Why won’t my kid behave? What makes him so angry? How can I control his angry behavior? Why is his behavior rude and obnoxious? How can we teach respect and responsibility? Are all kids his age lazy? What am I doing wrong?
These are common questions that come up in parenting classes I teach and attend. One of the biggest concerns of parents, teachers and care givers is how to get their kids to behave. I know this for a fact, because my husband and I have six adult children, foster children and now grandchildren. We see them with eyes of love and tolerance but are also aware that some children are more “high maintenance” than others.
Labels Become Self Fulfilling Prophecies
There are many labels that adults put on children who do not immediately obey instructions. some are called ADD, ADDHD, Extreme kids, Indigo Child, Star Children and I have even heard them revered to as spoiled brats. The problem with labels, titles and roles is that children soon begin to be that which they are called. If they are seen as difficult, they will continue to be difficult.
Encouragement Toward Positive Goals
Although we may want and desire our children to automatically know what to do and say that will please us and society, life doesn’t work that way. We must believe in our children if they are to believe in themselves. In order to feel adequate and accepted, children need frequent encouragement. A cooperative relationship depends on how children feel about themselves and their place in the world.
Although adults and other important people do not cause children to misbehave, we can reinforce and encourage their misbehavior without being aware of what our expectations are for the child. The child may be unaware that his action is seeking one of the four goals of misbehavior;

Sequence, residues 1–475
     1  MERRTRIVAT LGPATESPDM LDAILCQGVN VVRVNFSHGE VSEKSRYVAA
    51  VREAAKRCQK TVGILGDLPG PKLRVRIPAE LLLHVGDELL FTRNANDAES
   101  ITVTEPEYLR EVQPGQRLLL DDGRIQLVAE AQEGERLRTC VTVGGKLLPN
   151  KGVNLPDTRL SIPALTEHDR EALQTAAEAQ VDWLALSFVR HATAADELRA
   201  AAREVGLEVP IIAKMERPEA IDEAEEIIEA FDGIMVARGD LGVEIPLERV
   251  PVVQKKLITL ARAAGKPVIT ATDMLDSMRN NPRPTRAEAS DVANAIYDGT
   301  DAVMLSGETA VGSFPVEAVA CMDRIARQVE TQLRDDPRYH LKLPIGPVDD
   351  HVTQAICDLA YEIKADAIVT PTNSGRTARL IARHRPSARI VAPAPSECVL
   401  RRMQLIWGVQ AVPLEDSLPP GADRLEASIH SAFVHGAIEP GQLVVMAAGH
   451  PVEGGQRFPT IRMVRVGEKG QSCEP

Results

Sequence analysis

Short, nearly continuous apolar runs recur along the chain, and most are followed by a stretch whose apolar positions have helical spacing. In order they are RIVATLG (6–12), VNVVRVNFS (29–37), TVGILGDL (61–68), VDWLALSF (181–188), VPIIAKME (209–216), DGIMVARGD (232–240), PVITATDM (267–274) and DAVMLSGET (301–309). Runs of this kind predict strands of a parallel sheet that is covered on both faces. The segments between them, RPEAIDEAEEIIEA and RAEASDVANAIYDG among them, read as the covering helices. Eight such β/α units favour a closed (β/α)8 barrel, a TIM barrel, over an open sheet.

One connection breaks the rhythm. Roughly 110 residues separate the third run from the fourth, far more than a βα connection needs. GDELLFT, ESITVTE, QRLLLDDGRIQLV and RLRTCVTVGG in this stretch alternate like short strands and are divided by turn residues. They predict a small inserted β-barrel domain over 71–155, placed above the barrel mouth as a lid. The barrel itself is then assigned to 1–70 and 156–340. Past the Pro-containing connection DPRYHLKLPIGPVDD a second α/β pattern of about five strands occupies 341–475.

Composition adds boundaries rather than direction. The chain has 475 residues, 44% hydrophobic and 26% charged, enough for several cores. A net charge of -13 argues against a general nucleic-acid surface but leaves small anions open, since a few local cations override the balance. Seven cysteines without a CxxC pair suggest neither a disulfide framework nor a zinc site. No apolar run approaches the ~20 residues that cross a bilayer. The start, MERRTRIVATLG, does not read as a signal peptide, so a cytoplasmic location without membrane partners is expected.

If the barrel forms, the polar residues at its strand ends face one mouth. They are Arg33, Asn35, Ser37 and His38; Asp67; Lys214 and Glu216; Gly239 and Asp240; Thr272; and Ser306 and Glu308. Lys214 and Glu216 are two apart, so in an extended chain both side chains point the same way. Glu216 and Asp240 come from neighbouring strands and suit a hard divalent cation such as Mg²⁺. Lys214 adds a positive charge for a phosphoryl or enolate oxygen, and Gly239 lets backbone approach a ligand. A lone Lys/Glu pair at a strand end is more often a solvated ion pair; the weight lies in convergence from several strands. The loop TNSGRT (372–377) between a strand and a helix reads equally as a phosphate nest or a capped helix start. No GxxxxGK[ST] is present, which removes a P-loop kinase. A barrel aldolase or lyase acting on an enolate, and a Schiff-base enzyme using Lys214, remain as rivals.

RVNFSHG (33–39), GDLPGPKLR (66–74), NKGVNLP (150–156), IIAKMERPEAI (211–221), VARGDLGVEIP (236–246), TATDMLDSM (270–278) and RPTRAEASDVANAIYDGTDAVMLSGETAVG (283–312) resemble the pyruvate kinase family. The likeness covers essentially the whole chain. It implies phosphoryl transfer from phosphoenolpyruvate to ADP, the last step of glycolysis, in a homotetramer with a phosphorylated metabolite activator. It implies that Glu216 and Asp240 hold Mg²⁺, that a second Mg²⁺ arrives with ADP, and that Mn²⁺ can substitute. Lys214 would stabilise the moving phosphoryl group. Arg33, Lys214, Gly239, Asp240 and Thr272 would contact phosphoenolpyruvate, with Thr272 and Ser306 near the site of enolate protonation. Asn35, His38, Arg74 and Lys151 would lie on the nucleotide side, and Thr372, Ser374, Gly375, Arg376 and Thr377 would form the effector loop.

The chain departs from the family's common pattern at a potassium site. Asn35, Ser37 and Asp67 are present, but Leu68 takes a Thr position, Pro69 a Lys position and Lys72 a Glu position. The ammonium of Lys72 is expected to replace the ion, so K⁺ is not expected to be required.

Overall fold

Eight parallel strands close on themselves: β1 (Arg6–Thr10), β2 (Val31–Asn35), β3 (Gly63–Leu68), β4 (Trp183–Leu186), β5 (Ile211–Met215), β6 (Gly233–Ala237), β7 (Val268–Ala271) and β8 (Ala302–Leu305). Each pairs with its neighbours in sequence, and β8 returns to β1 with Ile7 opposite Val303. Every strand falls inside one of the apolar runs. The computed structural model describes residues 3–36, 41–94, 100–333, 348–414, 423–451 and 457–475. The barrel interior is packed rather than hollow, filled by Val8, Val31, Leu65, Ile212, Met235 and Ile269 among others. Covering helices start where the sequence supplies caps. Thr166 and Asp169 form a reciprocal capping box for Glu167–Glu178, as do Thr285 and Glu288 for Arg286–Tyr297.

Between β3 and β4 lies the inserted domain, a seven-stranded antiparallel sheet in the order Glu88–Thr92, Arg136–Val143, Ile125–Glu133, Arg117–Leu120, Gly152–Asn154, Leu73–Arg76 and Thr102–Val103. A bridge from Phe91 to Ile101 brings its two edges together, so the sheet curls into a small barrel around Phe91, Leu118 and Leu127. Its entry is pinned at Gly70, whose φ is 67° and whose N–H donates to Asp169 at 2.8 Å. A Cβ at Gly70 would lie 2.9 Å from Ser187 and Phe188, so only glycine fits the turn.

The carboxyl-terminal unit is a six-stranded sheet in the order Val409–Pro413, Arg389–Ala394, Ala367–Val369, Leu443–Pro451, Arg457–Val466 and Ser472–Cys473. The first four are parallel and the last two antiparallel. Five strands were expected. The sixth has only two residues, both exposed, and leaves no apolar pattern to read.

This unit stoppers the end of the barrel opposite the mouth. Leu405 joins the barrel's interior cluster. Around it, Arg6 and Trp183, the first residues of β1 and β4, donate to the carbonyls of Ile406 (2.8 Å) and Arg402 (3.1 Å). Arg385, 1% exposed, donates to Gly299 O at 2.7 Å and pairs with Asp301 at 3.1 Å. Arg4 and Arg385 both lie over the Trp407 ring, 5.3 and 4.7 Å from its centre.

- Display of inadequacy
No effective parenting will work long term unless the whole family works together to build a respectful and positive relationship. Most families with a difficult child who appears rude, defiant and lazy have tried everything before recognizing that it is a family concern and can only be resolved by working together.
Be Kind But Firm
Have a family council and decide what kind of a family you want to be and how to achieve those goals. Set reasonable consequences and make sure the whole family understands what the rules and guidelines are going to be. Don’t worry about every little infraction, but instead concentrate on a few behavior issues that are disrupting the quality of family life. Ask the children to draw the chore calender or behavior chart. Help them to become empowered with their own place in the family.
Consistent Consequences and Expectations
In my experience, it is not that parents don’t love their children, rather it is the opposite. They want the best for the whole family but often discourage positive behavior by focusing on the negative. Follow through and be consistent and you will be rewarded by not living with a difficult child, but rather a good kid having an occasional bad day.
I have confidence in you.
Judy Helm Wright aka Auntie Artichoke, family relationship author and keynote speaker
PS: Another great resource is http://www.kidschoresandmore.com which will help the whole family work together so there will be more free time for fun activities.